including challenges to prison disciplinary proceedings that
affect the length of confinement, such as deprivation of good
time credits, Muhammad v. Close, 540 U.S. 749 (2004) and Edwards
v. Balisok, 520 U.S. 641 (1997).
544 U.S. 74 (2005).
See also Wilkinson v. Dotson,
In addition, where a prisoner seeks a
“quantum change” in the level of custody, for example, where a
prisoner claims to be entitled to probation or bond or parole,
habeas is the appropriate form of action.
See, e.g., Graham v.
Broglin, 922 F.2d 379 (7th Cir. 1991), and cases cited therein.
See also Woodall v. Federal Bureau of Prisons, 432 F.3d 235,
237, 243 (3d Cir. 2005) (finding that a challenge to regulations
limiting pre-release transfer to community corrections centers
was properly brought in habeas, because community confinement is
“‘qualitatively different from confinement in a traditional
prison’” (citation omitted)).
The Court of Appeals for the Third Circuit has held that
habeas corpus is an appropriate mechanism, also, for a federal
prisoner to challenge the execution of his sentence.
v. Vaughn, 251 F.3d 480, 485-86 (3d Cir. 2001) (noting that
federal prisoners may challenge the denial of parole under
§ 2241); Barden v. Keohane, 921 F.2d 476, 478-79 (3d Cir. 1990)
(entertaining challenge to Bureau of Prisons refusal to consider
prisoner’s request that state prison be designated place for
service of federal sentence, in order that state and federal
sentences could run concurrently).
See also George v. Longley,
463 F.App’x 136 (3d Cir. 2012) (citing Coady and Barden).
The Court of Appeals has noted, however, that “the precise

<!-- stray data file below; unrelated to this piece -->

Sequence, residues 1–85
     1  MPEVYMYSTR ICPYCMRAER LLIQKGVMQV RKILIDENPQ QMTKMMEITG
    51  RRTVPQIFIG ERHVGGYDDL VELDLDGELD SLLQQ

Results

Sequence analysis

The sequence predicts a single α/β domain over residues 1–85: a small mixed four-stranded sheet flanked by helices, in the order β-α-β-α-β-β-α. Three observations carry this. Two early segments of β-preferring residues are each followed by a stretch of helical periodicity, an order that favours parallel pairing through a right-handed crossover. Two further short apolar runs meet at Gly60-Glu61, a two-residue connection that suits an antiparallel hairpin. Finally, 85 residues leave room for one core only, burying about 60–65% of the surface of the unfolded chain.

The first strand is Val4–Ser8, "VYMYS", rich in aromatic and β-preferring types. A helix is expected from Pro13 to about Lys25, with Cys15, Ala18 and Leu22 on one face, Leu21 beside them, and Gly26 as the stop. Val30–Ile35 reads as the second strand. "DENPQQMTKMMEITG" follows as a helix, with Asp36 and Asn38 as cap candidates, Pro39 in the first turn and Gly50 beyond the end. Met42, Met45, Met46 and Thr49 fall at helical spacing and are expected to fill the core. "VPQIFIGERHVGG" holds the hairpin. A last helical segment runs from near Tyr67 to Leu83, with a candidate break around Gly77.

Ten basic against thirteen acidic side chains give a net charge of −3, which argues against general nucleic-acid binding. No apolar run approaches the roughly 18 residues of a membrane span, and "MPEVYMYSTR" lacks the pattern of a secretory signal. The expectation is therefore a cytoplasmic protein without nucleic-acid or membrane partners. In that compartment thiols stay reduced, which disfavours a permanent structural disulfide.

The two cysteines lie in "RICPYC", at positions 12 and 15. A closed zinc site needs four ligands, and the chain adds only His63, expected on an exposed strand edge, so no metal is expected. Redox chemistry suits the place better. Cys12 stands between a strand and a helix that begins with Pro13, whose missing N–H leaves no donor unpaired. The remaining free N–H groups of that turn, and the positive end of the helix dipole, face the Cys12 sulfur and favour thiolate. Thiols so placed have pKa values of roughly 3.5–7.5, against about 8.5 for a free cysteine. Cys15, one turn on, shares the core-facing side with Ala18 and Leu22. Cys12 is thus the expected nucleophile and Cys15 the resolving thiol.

meaning of ‘execution of the sentence’ is hazy.”
F.3d at 237.
Therefore, to the extent a prisoner challenges
only his conditions of confinement, such claims must be raised
by way of a civil rights action.
[W]henever the challenge ultimately attacks the “core
of habeas” -- the validity of the continued conviction
or the fact or length of the sentence -- a challenge,
however denominated and regardless of the relief
sought, must be brought by way of a habeas corpus
petition. Conversely, when the challenge is to a
condition of confinement such that a finding in
plaintiff’s favor would not alter his sentence or undo
his conviction, an action under § 1983 is appropriate.
Leamer v. Fauver, 288 F.3d 532, 542 (3d Cir. 2002).
Bonadonna v. United States, 446 F.App’x 407 (3d Cir. 2011)
(holding that District Court properly dismissed § 2241 petition
for lack of jurisdiction where petitioner’s allegation of
deficient medical care does not “‘spell speedier release,’” and
thus does not lie at “‘the core of habeas corpus.’” (citations
Here, Petitioner’s challenges regarding alleged violations
of his right to free exercise of his religion go only to the
conditions of his confinement.
Accordingly, this Court lacks
jurisdiction in habeas to consider Petitioner’s claims.
e.g., Izac v. Norwood, Civil No. 10-4744, 2010 WL 3810216, *2
(D.N.J. Sept. 23, 2010).
For the reasons set forth above, the Petition will be
dismissed without prejudice to Petitioner raising his claims in
a new and separate civil rights action.
An appropriate order
At Camden, New Jersey
s/Noel L. Hillman
Noel L. Hillman
United States District Judge
July 28, 2014